Google is a bunch of luser f*cks.
  • Reply 6 of 303
    One patent that has a lot of bearing on the auctions is LTE. It is or is now good chunk of the next phase of cellular communication that the big telcos are installing and I believe fits perfectly into Apples plans as the new iPhones and Ipads come online this fall.
  • Reply 7 of 303
    john.bjohn.b Posts: 2,716member
    Quote:
    Originally Posted by AppleInsider View Post


    Also worth noting are indications by sources that Google's bids were "mystifyingly precise" and often contained references to mathematics, such as Brun's constant and Meissel-Mertens.



    "It was not clear what strategy Google was employing, whether it wanted to confuse rival bidders, intimidate them, or simply express the irreverence that is part and parcel of its corporate persona," the report noted, while one source suggested the company was either "supremely confident" or just bored.



    Google was just trying to remind everyone how smart they think they are.
  • Reply 8 of 303
    tallest skiltallest skil Posts: 43,399member
    Quote:
    Originally Posted by John.B View Post


    Google was just trying to remind everyone how smart they think they are.



    They used WolframAlpha to get those calculations right.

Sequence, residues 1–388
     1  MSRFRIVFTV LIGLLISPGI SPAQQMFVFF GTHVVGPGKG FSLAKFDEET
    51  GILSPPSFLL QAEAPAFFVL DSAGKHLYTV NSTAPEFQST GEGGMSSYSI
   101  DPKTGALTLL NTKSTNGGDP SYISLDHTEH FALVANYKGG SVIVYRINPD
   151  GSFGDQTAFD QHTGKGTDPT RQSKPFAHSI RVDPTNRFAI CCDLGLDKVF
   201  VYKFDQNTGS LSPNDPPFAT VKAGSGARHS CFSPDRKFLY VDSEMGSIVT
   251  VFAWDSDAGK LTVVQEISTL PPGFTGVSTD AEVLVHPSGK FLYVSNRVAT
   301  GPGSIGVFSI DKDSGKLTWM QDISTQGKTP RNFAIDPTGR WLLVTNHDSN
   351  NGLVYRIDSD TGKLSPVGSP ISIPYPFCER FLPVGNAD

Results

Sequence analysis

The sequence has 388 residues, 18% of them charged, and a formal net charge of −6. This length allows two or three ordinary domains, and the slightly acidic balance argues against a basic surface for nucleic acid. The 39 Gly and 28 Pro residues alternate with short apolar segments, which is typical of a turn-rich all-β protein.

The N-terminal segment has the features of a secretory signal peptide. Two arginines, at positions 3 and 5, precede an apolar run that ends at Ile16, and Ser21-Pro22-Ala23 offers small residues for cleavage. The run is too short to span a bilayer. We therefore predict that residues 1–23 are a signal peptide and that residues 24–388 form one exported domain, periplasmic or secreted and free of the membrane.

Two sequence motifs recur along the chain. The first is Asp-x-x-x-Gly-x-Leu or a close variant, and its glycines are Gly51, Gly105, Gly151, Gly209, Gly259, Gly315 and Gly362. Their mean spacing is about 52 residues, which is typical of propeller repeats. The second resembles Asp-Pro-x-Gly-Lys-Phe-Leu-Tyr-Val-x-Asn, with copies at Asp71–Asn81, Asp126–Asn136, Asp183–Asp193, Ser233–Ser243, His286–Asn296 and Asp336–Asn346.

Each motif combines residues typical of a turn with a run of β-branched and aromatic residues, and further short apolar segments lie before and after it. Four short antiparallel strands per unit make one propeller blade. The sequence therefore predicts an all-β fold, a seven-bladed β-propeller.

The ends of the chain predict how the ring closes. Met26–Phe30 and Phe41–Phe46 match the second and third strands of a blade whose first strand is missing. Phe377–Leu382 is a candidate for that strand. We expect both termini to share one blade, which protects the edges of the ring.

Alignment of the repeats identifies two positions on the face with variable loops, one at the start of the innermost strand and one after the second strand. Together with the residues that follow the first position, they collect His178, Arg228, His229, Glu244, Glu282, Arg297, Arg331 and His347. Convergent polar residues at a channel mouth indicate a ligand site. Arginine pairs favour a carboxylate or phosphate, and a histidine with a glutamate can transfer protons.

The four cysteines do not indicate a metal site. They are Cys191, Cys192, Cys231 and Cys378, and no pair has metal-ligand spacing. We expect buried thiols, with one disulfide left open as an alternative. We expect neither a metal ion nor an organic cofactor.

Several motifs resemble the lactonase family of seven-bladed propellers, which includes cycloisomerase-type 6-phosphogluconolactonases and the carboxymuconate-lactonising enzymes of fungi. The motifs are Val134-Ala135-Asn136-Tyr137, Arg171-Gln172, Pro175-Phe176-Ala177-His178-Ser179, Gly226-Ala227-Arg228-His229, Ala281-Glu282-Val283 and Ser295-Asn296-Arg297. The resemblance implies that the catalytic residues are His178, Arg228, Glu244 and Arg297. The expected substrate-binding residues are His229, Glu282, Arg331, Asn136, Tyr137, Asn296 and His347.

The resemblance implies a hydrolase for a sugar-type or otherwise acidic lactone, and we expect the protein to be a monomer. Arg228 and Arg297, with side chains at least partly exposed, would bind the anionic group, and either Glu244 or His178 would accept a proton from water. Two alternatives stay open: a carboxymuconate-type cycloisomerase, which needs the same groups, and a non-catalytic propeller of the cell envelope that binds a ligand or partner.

Quote:
    Originally Posted by theoldcoot View Post


    ...Ipads... ...this fall.



  • Reply 9 of 303
    I bid through eBay regularly and%2
  • Reply 10 of 303
    Google knew Apple really wanted these patents, so their "odd" bidding was their way of showing they weren't really serious. They just worked to artificially inflate the price, then dropped out when it looked like they were reaching the end of where Apple and the others would go.



    The result was a sale price that was four times the expected amount. Apple may have bought some important patents, but they paid far more than they should have. And I've got fifty bucks that says they don't go after anyone with these, and if they do, they won't win. The US patent system is broken.
  • Reply 11 of 303
    roockaroocka Posts: 25member
    This is great that Apple owns the LTE patents. I hope the A-team rips Samsung a new A-hole. I hope Google gets hit with a huge anti-trust lawsuit. Then I hope Apple releases a Liquidmetal battery and puts every other computer maker out of their misery.
  • Reply 12 of 303
    Quote:
    Originally Posted by roocka View Post


    This is great that Apple owns the LTE patents. I hope the A-team rips Samsung a new A-hole. I hope Google gets hit with a huge anti-trust lawsuit. Then I hope Apple releases a Liquidmetal battery and puts every other computer maker out of their misery.



    Correct me if I'm wrong, but even if Apple owned all LTE patents because of this purchase, couldn't Google or Samsung or whomever just license the technology through Microsoft or one of the other "partners"? The patents are more than likely just for defense.
  • Reply 13 of 303
    malaxmalax Posts: 1,598member
    Quote:
    Originally Posted by AndroidInsider View Post


    Correct me if I'm wrong, but even if Apple owned all LTE patents because of this purchase, couldn't Google or Samsung or whomever just license the technology through Microsoft or one of the other "partners"? The patents are more than likely just for defense.



    i don't think that's how a consortium works.
  • Reply 14 of 303
    Quote:
    Originally Posted by malax View Post


    i don't think that's how a consortium works.